Thursday evening news briefing: Putin's revenge after tanks offer

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Good evening. After the tanks, came the bombs. Vladimir Putin has unleashed a wave of fresh missile attacks on Ukraine, hours after the US and Germany confirmed that they would deliver battle tanks to Kyiv.

Evening briefing: Today's essential headlines

Scotland | A transgender rapist is to be moved from a woman’s jail, Nicola Sturgeon has announced. The First Minister said Isla Bryson, who was convicted this week of raping two women, would not be in Cornton Vale women’s jail either in the “short-term or long-term”. Bryson, 31, was taken to the women’s jail after being found guilty on Tuesday. Ms Sturgeon said a risk assessment was being carried out, with Bryson currently being held in a segregated unit. However, she confirmed that Bryson would not serve the sentence in Cornton Vale.

The big story: Arctic bombers attack Ukraine

Ukraine may have got the Western battle tanks it has been desperately calling for, but it now has to contend with Moscow's retaliation, as Vladimir Putin launched a widespread bombing raid today.

The Ukrainian military said Putin ordered his bombers to take off from bases in Russia’s Arctic far north to launch a cruise missile attack - firing more than 30 missiles at targets across Ukraine.

Russia has been forced to station its strategic bombers at bases further from Ukraine after a series of drone attacks blamed on Kyiv destroyed and damaged several aircraft. Officials said the latest barrage of Russian drone and missile attacks both killed and wounded at least 10 people.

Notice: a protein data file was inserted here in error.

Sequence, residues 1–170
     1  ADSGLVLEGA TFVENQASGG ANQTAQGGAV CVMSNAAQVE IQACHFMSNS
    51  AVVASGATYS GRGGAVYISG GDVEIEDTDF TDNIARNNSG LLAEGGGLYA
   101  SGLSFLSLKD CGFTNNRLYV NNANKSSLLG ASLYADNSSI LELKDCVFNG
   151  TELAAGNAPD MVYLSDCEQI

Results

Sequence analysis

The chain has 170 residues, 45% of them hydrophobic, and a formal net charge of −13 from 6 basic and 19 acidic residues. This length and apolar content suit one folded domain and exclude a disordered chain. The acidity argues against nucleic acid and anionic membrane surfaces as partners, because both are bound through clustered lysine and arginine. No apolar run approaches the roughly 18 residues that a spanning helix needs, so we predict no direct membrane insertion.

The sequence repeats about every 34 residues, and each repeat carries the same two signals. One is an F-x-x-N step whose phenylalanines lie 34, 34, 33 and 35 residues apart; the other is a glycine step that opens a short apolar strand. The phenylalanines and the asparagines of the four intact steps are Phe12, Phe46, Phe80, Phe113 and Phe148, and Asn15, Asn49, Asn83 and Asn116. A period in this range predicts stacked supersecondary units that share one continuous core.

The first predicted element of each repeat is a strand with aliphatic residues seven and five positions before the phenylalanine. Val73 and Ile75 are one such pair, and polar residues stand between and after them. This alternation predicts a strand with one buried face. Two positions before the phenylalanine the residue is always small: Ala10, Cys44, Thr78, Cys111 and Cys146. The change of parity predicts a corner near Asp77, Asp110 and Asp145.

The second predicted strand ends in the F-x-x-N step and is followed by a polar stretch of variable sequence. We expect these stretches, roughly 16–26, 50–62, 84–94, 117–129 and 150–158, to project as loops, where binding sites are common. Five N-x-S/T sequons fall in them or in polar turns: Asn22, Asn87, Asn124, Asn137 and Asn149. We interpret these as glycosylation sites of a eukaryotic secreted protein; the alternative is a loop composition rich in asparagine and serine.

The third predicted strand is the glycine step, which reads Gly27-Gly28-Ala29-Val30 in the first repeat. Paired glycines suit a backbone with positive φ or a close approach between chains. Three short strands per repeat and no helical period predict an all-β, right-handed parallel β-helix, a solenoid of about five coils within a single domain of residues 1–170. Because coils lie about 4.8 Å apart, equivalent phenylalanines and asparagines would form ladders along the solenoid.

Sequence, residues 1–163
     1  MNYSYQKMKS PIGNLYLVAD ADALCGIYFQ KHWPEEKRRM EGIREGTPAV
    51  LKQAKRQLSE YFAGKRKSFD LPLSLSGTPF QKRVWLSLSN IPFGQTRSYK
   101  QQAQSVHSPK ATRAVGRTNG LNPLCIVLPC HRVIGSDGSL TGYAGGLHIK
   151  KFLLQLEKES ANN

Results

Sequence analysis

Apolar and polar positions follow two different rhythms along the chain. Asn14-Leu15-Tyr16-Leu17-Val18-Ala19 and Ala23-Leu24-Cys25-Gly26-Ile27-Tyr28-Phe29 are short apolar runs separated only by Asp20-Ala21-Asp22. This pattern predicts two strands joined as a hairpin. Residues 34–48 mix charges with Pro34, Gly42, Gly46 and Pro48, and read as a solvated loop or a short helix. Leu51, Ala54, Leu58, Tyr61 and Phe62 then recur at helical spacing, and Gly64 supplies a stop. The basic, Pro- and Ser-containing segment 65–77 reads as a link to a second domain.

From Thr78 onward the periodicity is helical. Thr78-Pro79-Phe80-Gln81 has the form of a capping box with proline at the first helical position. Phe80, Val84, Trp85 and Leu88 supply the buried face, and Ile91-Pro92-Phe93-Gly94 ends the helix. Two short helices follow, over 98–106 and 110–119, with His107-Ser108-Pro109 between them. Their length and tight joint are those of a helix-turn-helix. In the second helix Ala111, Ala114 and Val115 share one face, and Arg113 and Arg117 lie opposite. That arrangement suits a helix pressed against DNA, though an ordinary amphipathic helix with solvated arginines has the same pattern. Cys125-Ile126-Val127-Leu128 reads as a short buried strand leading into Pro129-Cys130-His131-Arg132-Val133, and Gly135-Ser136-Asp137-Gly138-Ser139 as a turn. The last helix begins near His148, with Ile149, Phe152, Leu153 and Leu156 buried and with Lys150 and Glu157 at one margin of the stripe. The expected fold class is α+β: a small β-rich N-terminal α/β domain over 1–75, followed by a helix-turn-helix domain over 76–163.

The mayor of Kyiv said one person was killed in the capital, in the city's first attack-related death of the year. At least two others were injured in Kyiv, where explosions and gunfire were heard as air defences rushed into action.

The Arctic north was not the only launchpad for the attacks, however, as Ukraine's air force said it shot down a cluster of 24 Iranian-made attack drones it said were launched by Russian forces from the Sea of Azov in the south of the country.

Meanwhile, analysts have warned that Russia has begun carrying out "spoiling attacks" across the frontline as a diversionary tactic ahead of a new offensive. Ukrainian officials say the attacks are carried out by Russian squads of 10 to 15 men to disperse Ukrainian defensive lines.

The Institute for the Study of War, a US-based think-tank, said the size and nature of the attacks suggested they are more likely spoiling attacks that seek to "distract and pin Ukrainian forces against discrete areas of the front", rather than a concerted effort to "relaunch offensive operations to gain ground".

Tanks in time for spring

Britain's Ministry of Defence has said the Challenger 2 tanks it is sending to Ukraine will arrive in time for an expected Russian spring offensive. They will join German-made Leopards being sent to Kyiv within weeks.

Poland also said this morning that its Leopard 2 tanks would arrive within a few weeks, amid a rush to arm Kyiv before fresh attacks when the mud dries. Joe Barnes writes that Poland already has well-established logistical links with Ukraine, making it easier to ship the tanks to Kyiv.